Grammar Patterns

Comparative adjectives

Pattern 1: the ADJ-COMPAR

The comparative adjective follows the, with no noun following.
This sometimes indicates that two things are being compared. The group can be used as a Subject or Object, as well as a Complement.
In talking to the couple, it is clear that Donna is the more rigid.
There's an old joke which involves two old friends arguing about who is being the more unfaithful.
She sent her daughters off to boarding school when the younger was only four.
This pattern sometimes indicates that a person or thing is being compared with what is expected. The comparative adjective is found with something that indicates a reason, such as a prepositional phrase beginning with for, a clause beginning with because, or a prepositional phrase or clause beginning with given, or it comes after a verb such as make which indicates causation.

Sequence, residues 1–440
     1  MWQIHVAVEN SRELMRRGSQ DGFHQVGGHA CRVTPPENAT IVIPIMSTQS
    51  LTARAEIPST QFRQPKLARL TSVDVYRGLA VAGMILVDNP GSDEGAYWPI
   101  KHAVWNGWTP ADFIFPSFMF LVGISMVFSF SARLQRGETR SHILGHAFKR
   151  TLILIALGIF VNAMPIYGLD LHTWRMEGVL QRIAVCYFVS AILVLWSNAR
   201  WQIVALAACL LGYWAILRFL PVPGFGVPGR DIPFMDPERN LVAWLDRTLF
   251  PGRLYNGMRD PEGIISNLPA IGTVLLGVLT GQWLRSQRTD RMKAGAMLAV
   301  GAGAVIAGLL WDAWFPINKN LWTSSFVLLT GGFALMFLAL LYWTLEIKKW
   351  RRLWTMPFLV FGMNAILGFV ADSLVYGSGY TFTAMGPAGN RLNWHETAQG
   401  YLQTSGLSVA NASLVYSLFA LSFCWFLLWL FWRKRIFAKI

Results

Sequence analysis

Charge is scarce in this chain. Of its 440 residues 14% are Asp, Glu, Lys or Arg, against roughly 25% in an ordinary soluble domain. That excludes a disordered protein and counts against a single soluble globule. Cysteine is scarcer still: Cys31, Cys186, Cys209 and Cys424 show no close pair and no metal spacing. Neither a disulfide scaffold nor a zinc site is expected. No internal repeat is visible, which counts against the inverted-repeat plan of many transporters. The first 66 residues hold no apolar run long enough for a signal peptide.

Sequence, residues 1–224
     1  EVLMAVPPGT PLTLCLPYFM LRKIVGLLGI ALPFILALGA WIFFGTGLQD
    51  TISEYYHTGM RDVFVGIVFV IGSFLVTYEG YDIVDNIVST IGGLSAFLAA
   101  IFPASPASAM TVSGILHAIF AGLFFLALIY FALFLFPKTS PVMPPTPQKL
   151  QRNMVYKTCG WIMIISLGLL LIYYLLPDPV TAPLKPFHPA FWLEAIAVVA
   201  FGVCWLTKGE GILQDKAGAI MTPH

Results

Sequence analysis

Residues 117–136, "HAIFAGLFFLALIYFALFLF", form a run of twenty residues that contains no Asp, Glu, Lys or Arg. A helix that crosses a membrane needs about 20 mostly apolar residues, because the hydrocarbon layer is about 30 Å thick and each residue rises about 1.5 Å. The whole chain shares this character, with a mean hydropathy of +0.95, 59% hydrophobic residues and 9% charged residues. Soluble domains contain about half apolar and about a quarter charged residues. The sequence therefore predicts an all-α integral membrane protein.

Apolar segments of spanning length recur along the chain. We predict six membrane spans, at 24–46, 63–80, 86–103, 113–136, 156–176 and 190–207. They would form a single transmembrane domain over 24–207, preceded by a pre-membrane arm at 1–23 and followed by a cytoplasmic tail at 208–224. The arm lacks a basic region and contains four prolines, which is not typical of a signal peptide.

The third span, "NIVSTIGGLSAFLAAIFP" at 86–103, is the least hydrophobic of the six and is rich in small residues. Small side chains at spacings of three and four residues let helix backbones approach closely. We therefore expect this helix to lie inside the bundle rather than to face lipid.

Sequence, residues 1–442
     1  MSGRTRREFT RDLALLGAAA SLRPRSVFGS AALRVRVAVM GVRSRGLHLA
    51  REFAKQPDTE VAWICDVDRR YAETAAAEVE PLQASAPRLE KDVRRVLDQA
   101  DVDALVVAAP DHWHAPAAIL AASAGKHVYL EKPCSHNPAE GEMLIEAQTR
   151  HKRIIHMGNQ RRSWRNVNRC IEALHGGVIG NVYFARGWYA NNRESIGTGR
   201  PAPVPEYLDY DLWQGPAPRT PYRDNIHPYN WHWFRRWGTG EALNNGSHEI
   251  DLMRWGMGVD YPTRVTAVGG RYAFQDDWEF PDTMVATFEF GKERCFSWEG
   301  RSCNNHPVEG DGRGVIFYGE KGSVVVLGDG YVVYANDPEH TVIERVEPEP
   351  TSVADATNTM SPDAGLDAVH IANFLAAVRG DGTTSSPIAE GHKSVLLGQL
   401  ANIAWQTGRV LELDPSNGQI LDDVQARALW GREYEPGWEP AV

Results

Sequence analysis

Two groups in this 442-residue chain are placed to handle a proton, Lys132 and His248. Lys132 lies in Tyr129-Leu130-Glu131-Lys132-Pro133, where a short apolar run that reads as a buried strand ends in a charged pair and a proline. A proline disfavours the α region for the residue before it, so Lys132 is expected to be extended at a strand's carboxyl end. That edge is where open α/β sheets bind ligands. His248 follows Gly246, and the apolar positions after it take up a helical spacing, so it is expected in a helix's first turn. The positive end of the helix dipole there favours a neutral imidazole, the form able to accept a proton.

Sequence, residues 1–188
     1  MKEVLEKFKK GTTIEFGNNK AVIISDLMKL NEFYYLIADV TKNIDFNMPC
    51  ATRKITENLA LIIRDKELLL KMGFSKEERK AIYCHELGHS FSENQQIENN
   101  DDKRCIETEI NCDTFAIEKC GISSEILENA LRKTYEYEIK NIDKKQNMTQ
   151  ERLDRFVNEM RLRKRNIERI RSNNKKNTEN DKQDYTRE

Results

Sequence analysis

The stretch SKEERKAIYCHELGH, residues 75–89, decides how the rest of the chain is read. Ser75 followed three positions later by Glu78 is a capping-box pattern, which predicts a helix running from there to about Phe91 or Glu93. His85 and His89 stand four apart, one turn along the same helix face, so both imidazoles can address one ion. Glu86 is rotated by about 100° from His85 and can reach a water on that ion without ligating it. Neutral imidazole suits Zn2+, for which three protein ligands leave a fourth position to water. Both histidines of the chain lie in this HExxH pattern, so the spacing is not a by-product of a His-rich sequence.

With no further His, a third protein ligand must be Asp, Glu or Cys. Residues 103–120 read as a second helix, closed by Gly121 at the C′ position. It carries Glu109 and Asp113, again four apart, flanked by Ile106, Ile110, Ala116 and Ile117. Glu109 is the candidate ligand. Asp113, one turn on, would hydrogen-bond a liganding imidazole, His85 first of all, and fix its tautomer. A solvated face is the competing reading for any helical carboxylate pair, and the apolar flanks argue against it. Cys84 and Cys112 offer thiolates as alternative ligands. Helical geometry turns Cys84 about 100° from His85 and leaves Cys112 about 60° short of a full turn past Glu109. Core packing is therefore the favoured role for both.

Baron Eberhard von Stohrer was a tall career diplomat whose figure was the more imposing because of his tendency to wear a long military cloak.
Fanny's production rate is the more impressive given that there was hardly a time when she was not nursing a sick family member.
Grainger's achievement is the more remarkable for having taken place in isolation.
This 18th Century mill village is the more remarkable for its spectacular setting, deep in the luxuriously wooded Clyde gorge.
Comparative adjectives used in this way sometimes follow the adverb all.
Envy feeds jealousy and makes it all the more bitter.
It was an unforgettable tale, all the more extraordinary for being true.

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